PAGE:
Posts Tagged macro photography

Desert Whirlwind 3

I love aspen trees.

I love them when they’re young, when they’re old, when they’re green and, especially, when they’re decked out in Autumn colors. Generally, aspen leaves turn yellow. On rare occasions, they turn orange or red or coral pink. That’s a real treat.

As we drove over Boulder mountain on our race back to Zion NP, we came across some red aspen leaves. Of course we had to stop and photograph them. I did a kind of general landscape shot, then a closeup of some of those great red leaves. I hope you like them as much as I do. (Remember to click on the images to see them full size and with decent color.)

Aspen Forest

Aspen Forest

Aspen Leaves

Aspen Leaves

Then we made it to Zion. I haven’t been here for a long time. Passed through a couple years ago, but I was in a hurry to get somewhere, so I barely stopped to look around. On the way in, I remembered that it was about 35 years ago to the month that I took a photo workshop with my friend Duck. That workshop was with photographer John Telford, who pretty much owned the desert in those days. We came to Zion and did some amazing photography, and that’s when I got hooked. Hooked on both the desert and on photography. So I guess this is a sort of pilgrimage for me.

Stopped in the upper park and I got this photo of one of the spires Zion is so famous for.

Zion Scenic

Zion Scenic

More to follow,

Bob

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Another one of those days

Well, it was a day to remember. Lots of stupid stuff happened, but some good to offset it.

I decided to go to the Procession Panel today. I had it in my mind to do a panorama of the whole glyph. That is, take three or four images and merge them together. I haven’t seen anyone do this yet, so figured I’d be the first one to publish it.

Off to a bad start. I forgot to set my odometer to tell how far I’d gone and identify the right parking place/trailhead. I knew I had gone much too far, so decided to explore (exploration means never having to say you’re lost) and get the panel tomorrow. I pulled into a parking area and decided I must be close to one of the more famous ruins in the area. The parking area looked familiar, but there were benches there, something I had never seen in the area.

Along with the benches were signposts, pointing the way to whatever was up there. (More on that later.) I headed out to see what I was going to see. About 1/4 mile down the trail my boots started to eat my heels. These are boots that I’d broken in already, so I thought they just needed to warm up. Besides, I had already put bandaids on the spots these boots used to bother me. It just got worse. Of course, I hadn’t brought a spare pare because these were broken in. And it only really caused a problem when I was going uphill. The last half of the hike was to be downhill. (That’s a lot different from what happens when you hike with Tom. With him, the first 95% of the hike is uphill and the last 95% is uphill.)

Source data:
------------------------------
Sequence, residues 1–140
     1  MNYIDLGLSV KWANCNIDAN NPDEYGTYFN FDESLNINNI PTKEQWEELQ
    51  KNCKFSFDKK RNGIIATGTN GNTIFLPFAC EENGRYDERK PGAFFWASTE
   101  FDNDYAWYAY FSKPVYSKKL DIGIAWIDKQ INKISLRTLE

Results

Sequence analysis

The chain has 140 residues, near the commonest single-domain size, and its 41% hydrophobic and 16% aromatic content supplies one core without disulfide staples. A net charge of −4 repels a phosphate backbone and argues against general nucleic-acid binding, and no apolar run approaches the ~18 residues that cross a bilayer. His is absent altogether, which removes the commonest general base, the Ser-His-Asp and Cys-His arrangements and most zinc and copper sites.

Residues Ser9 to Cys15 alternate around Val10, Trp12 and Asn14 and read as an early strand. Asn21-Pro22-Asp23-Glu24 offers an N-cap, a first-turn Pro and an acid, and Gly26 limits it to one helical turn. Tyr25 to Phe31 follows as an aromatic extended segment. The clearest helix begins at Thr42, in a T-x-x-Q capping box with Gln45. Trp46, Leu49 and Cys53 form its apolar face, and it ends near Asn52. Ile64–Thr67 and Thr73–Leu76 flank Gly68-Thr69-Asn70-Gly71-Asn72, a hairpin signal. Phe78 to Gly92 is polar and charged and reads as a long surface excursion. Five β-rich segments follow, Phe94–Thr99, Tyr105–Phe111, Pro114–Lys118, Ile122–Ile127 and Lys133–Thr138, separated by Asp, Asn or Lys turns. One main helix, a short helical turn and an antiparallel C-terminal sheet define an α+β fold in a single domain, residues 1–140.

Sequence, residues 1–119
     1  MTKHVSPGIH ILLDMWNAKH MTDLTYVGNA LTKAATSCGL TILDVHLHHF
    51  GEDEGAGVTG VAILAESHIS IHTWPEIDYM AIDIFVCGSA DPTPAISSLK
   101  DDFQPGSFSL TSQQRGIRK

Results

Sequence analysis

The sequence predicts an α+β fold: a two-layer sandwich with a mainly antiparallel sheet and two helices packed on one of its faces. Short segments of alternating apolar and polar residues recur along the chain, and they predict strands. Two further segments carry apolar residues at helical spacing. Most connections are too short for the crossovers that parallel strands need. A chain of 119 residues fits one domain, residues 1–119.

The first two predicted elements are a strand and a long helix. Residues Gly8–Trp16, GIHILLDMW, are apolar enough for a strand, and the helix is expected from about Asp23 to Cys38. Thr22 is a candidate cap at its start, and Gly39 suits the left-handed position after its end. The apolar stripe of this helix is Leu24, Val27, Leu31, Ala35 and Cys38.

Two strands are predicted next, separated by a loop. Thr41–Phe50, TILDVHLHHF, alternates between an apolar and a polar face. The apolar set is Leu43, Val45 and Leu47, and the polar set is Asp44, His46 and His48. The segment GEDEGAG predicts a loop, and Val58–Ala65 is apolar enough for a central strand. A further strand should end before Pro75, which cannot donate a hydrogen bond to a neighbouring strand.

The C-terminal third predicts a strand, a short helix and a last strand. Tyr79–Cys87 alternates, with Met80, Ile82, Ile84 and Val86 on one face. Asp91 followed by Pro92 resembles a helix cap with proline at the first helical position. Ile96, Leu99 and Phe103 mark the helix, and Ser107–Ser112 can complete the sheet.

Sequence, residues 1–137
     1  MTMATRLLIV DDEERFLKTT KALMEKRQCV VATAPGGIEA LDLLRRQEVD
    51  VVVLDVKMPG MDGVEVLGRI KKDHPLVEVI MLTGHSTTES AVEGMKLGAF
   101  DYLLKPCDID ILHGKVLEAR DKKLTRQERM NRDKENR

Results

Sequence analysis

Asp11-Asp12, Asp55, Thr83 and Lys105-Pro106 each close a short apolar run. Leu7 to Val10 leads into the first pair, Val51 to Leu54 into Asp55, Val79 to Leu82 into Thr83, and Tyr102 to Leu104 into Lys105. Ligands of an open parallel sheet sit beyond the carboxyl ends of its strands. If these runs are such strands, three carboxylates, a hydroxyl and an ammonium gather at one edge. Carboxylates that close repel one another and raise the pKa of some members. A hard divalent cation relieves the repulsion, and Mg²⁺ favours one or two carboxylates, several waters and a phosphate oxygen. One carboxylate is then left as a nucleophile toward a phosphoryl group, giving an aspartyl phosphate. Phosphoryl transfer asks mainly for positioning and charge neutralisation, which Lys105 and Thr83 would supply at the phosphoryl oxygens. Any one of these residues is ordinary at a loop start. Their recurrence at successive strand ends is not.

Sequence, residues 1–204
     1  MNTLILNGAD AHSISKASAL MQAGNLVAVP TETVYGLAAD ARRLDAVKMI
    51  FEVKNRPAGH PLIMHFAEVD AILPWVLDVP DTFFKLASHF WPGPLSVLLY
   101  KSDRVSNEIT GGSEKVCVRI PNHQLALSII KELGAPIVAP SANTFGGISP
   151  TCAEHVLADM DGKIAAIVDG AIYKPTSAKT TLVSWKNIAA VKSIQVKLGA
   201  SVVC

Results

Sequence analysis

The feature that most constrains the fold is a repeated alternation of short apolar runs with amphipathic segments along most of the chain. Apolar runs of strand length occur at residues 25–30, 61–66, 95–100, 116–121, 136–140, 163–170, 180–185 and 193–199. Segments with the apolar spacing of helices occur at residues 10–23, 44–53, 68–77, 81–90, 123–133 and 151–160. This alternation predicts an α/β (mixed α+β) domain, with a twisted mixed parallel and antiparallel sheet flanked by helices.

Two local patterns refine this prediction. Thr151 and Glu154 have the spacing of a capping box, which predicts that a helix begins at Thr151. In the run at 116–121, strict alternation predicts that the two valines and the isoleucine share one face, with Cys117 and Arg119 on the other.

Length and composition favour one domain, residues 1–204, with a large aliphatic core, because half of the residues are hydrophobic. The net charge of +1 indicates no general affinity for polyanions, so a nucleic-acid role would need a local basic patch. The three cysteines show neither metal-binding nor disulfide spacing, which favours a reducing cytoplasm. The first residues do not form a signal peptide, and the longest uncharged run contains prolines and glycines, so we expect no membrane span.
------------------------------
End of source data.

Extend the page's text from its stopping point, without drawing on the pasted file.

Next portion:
So I followed the cairns and realized that things looked familiar. Continuing on, I saw that I had inadvertently found the right parking place, and was on the way to the Procession Panel. Wow! Now here comes something odd. All my whining and sniveling in the past about not being able to find the panel must have been heard on high, because there was a BLM sign with an arrow pointing to the trail to the panel. What the…

So I got there and got the shot. On the way I found (Ma Nature strikes again) some flowers blooming and saw a lizard scurrying under a rock. It’s way too early for either of those phenomena in my estimation. There’s still snow on the ground up there!

Anyway, here’s the flower, actually larger than lifesize:

LPFs, Procession Panel

LPFs, Procession Panel

And, of course, the Procession Panel isn’t the only glyph in the area. Here’s a dope playing with a snake:

 

Snake Dancer

Snake Dancer

And here’s the Procession Panel panorama. I am not sure how this will come across on your computer, but I just had to try it. You may need to scan left and/or right to see the whole thing.

Procession Panel

Procession Panel

I gotta run and pour some beer on my blisters. From the inside.

More to follow,

Bob

 

 

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Icy, I see!

Well, the snow and ice melted off the roads pretty well, so I went back to see if the ice crystals Nick and I found a couple years ago were there. They weren’t. But I found some new ones. Got out the macro lens and snuck up on them.

Then I went to where I had found a couple of cairns in a very odd place a few years back. I had just read Craig Childs’ House of Rain, and was intrigued by the idea he presented about ‘twins’ being a theme in this part of Cedar Mesa for the ancestral Pueblans who built the ruins we find scattered all over this area. The cairns I found were two, placed about a foot apart. I looked through them like a gunsight and found they made a perfect line between the highest peak in the Abajo Mountains and the hightest point on this part of Comb Ridge. Pretty cool, but I wasn’t convinced that was right. A friend suggested I should have sighted along the line they made rather than through them, so I’ve come back a couple times to try to find them and sight that way. Today, I found then. They pointed to a gap in the mountains about five miles away and to a pointy pile of rocks about 200 meters away. I went toward the rock pile. Beyond that, and in line, was another high point. I went toward that, realizing that the line wasn’t quite accurate, but figured from on high, I could see what I could see. I found what appears to be a way down off the ridge. There was almost a road leading down to a wash that could well make it to the bottom without the risk of a big fall.